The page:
Then drill through the part of the handle that protrudes from the top of the block and wedge a dowel in place to prevent the block from slipping. (The block is actually a tight enough fit that this is a little bit unnecessary, but it adds an extra layer of safety, and a bit more of an aesthetic quality to things).

Everything after that is just a matter of sanding and shaping.

Monday 12 March 2018

Wedding Sign

I was asked to create a sign for a wedding. They're planning on having Karaoke and wanted a sign pointing to the bar for "Dutch courage".


After exchanging a few ideas and a couple of preliminary sketches, we arrived at this design. Most of the graphics came from clipart, and the typeface is "URW Chancery L" in 132pt.

The overall size is  approximately a the size of an A3 piece of paper. As I don't have an A3 printer, I split the design across a few A4 sheets for printing.

Then came several hours of carving out the letters and patterns with a scalpel to create the stencil for later spray painting.

Building the sign
The sign is created from joining 3 lengths of up-cycled pallet wood. As with the Treasure Chest, the jointing was done manually with a combination of hand planing and simply finding lengths of wood that lined up well together.

The supports at the back of the sign for the stand
The wood is glued together, and also there are cross beams on the back - one at the top and one at the bottom.

These also form the mount for the stand.

The wood for the stand same from an old garden parasol that I upcycled. As it's previous life was as an object that hinged at various points and was designed to be folded, it was ideally sized - all I needed was to cut down the lengths. The pivot is nothing fancy, just a single screw.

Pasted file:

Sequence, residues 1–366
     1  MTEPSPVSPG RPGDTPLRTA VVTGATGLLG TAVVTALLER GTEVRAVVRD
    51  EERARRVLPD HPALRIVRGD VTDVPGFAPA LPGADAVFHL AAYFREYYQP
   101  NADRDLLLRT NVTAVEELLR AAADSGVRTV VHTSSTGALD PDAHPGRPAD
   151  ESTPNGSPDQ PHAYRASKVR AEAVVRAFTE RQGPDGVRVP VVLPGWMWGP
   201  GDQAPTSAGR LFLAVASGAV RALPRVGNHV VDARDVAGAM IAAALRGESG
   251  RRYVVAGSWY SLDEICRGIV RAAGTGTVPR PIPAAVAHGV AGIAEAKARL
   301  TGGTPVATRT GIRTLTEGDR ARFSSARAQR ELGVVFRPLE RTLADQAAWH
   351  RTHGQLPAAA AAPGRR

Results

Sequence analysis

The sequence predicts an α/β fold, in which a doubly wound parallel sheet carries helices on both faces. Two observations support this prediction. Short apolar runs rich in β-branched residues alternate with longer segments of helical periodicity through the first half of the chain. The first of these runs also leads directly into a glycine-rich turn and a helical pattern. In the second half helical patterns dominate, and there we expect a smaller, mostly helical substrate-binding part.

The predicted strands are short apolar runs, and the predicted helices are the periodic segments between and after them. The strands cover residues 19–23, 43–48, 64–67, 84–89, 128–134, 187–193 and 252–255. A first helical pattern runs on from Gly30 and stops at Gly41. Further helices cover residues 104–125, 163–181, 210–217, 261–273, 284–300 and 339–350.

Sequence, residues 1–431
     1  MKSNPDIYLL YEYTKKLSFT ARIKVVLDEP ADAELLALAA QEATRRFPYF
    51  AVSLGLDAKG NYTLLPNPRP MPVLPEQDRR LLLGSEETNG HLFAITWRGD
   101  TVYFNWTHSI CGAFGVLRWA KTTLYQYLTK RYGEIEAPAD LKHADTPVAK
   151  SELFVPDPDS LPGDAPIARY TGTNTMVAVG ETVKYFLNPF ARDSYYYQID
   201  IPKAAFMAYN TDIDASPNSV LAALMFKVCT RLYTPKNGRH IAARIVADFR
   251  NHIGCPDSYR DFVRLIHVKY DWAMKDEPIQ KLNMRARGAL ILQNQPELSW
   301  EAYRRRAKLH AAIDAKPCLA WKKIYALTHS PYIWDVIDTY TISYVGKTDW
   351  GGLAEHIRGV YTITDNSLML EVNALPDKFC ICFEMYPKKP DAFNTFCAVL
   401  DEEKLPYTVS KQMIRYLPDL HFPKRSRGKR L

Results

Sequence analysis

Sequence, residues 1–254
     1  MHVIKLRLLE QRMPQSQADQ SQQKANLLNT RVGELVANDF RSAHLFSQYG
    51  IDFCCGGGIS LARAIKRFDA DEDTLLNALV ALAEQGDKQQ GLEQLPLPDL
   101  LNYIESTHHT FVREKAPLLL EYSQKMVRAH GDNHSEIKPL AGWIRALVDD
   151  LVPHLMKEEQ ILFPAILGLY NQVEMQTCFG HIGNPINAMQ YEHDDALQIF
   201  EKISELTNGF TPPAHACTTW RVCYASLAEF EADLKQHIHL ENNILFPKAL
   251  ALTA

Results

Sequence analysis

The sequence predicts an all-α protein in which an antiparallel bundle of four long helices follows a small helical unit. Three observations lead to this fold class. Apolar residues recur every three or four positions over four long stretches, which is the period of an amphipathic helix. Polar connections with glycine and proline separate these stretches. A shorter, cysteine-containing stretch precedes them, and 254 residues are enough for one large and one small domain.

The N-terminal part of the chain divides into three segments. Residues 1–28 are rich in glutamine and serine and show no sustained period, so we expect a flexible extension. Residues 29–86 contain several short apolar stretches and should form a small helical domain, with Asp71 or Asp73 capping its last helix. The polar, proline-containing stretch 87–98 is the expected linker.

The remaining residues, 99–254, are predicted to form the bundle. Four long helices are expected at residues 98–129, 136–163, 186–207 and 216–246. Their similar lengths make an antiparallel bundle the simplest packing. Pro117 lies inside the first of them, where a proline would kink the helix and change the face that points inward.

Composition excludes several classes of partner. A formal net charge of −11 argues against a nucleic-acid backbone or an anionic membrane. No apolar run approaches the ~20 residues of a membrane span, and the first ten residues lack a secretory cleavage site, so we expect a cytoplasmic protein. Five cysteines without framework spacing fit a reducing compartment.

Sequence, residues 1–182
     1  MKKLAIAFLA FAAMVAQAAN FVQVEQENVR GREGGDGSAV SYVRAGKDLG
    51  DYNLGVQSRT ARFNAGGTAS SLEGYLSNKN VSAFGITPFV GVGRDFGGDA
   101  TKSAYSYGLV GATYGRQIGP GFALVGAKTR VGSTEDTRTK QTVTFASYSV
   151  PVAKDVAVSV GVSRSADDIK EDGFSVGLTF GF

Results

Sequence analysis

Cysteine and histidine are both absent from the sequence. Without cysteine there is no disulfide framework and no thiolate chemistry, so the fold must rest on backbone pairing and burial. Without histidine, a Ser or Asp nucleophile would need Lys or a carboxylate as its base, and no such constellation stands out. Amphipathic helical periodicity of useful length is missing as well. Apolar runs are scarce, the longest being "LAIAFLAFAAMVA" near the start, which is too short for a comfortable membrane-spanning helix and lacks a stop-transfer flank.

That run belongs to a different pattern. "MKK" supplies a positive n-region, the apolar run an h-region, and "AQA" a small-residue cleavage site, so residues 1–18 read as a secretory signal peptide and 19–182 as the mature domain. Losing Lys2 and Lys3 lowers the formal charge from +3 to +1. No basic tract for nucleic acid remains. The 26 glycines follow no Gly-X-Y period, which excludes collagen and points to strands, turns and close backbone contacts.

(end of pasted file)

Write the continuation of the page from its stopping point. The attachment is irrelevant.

The entire sign was sanded, and stained with a teak wood stain. An early attempt at stencilling the sign didn't go well, so the front ended up being sanded and stained a second time.
This turned out to be a blessing in disguise as after the second coat the woodgrain was much more pronounced and looked much better for it.

The arrow
Maybe I'm just a cynic, but it crossed my mind that although the venue and location has already been set for the wedding, Murphy's Law suggests that when the wedding rolls round, things will have changed and the arrow will end up pointing the wrong way, so I came up with the idea of making it a magnetic stick-on arrow so it could be swapped around.

The rear of the arrow with metal strip
Magnets embedded into the surface of the sign for mounting the arrow

I cut the arrow on the bandsaw, and painted it white, then a cut a section of flat steel and epoxyed it to the back of the arrow.
Then in the place on the sign where the arrow was to be mounted, I used a forstner drill to drill 3 inlays. In each of these holes I epoxyed a circular magnet so that it sat flush with the face of the sign.

I taped the stencil to the face of the sign, and applied two coats of enamel white spray paint. Unfortunately the delicate patterns on the edge of the stencil didn't work too well with the spray, so once a couple of sprays were down to mark out the position of the design, I removed the stencil and started painting by hand. To do this I sprayed some of the paint into the cap, and used a thin brush.

The end result